Marlis describes herself as a “Gramma who loves technology and has a lot to say.” She blogs about whatever catches her interest: food, books, family and more. For AgingCare.com, she writes about the issues facing the elderly and her experiences caring for her husband, Charlie, who suffers from dementia.

Articles

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The newly-proposed 'peanut butter sniff test' for Alzheimer's disease has gotten a great deal of attention. But I wonder how accurate it really is.

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What a terrible condition dementia is. It takes the brain of a bright, loving, proud, communicative individual and turns him or her into an infant.

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From one caregiver to another, you must develop ways to relieve your stress. Here's how to find what works best for you.

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Caring for a dementia patient is like raising a child all over again. Sometimes it's a struggle to keep my composure with my husband. I'm sure these behaviors will be familiar to any dementia caregiver.

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Family Caregiver Blog: Charlie and I just visited a local assisted living facility to see whether it might be a viable housing option for us in the future. We were shocked.

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Charlie's dementia-fueled obsession with ordering items from magazines has proven challenging to deal with.

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Day-to-day annoyances wear on caregivers after a while. Sometimes, all we can do is grit our teeth, focus on the positives and try our best to get through it.

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The connection between people and pets is undeniable, but seniors may not be able to safely care for an animal on their own. Here's my solution.

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Research has shown that being bilingual may decrease a person's risk for cognitive decline, perhaps I should brush up on my French.

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Dementia and age related decline have impacted my husband's ability to drive. I'm dreading taking him to have his driver's license renewed. He only has to pass a vision test, but it's his coordination, reflexes and decision making that are the problem.

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Charlie's mental abilities are deteriorating before my eyes and it's getting harder to cope with his decline. Some days I'm just thankful that he can still feed himself.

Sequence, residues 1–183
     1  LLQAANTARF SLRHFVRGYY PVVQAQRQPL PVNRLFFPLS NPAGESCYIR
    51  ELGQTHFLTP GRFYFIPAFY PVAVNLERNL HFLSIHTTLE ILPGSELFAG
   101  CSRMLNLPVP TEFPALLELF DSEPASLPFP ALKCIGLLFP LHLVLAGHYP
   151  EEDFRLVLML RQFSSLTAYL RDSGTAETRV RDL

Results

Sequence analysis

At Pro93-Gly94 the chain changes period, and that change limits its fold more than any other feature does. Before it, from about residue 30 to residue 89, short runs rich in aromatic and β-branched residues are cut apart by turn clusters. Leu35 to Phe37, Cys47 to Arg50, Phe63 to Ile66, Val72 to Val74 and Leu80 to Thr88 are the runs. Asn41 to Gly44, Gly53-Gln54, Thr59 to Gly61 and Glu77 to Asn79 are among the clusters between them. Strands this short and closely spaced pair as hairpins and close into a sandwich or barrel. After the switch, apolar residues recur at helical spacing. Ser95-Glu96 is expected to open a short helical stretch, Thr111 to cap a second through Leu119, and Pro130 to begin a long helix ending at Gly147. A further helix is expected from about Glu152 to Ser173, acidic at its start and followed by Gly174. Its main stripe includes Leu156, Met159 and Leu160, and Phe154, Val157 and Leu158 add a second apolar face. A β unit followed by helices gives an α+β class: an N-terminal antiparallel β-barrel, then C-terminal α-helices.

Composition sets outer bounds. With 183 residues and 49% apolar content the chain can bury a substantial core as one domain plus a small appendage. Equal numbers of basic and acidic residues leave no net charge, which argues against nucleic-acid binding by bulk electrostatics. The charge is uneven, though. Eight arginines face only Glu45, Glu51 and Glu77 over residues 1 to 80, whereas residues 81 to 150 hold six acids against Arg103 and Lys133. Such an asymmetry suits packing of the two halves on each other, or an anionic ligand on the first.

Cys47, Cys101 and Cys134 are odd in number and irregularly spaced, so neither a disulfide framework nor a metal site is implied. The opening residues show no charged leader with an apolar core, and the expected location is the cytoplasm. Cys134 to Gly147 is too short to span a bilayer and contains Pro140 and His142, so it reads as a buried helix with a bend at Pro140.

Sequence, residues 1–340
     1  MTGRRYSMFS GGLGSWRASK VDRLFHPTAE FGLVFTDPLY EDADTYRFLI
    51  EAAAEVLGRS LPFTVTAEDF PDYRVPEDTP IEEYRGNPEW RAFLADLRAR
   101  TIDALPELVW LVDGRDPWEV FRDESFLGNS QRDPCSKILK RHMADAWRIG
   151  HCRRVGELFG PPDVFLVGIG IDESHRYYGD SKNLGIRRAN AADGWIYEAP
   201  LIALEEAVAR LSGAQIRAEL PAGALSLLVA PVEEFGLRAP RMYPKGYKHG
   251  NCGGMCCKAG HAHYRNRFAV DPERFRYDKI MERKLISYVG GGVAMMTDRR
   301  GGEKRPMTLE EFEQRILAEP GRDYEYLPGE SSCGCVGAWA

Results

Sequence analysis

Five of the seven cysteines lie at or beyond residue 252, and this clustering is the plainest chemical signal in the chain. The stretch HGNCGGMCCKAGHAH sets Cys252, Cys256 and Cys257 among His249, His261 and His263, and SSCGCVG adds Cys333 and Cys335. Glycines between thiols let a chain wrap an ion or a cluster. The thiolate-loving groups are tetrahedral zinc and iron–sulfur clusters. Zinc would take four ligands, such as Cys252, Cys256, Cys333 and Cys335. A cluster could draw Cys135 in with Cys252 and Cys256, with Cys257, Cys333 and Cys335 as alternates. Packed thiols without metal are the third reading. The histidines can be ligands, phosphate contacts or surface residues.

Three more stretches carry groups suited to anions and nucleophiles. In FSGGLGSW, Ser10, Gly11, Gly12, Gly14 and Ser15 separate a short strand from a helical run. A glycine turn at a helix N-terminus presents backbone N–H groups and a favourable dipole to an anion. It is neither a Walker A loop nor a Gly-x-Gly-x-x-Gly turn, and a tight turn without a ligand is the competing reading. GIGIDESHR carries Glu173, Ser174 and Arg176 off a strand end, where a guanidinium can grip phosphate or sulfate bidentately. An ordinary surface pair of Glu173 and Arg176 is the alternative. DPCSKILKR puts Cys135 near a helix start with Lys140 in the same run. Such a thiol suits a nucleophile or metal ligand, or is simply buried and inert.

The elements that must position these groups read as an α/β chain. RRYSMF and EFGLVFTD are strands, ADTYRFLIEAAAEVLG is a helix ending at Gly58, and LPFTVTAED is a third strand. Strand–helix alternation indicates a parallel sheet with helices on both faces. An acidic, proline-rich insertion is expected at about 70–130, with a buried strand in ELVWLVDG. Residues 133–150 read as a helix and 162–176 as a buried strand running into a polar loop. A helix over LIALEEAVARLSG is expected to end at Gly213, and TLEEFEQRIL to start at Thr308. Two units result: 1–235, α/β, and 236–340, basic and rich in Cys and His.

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My husband is turning 80 years old soon. When we met 14 years ago we felt like kids. Now things couldn't be more different.

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As a caregiver, I know I'm allowed to have an 'angry day' now and again. During those times, I try to remind myself of the little things that Charlie does that I really love.

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For those caring for a loved one in various stages of dementia, finding an effective way to handle the trying experiences we're going through is just one more expression of love.

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I have always said that the thing I fear the most is losing my mind. So every move I make, every false step, every outspoken word sets me on edge, giving me pause.

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I have to wonder how much longer I am going to keep my sanity while caring for my husband, Charlie. At least he hasn't lost his sense of humor—yet.

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I recently found a few interesting memory care tricks from an unlikely literary source: "And The Mountains Echoed," by Khaled Hosseini.

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I have been a caregiver off and on for over forty years, but when I read posts from others on AgingCare.com, I realize how lucky I have been.

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The much-anticipated book arrived a few days ago. Two hours later, I was well into this wonderful series of stories and poetry about caregiving.

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I ran away today. I suppose it was long overdue.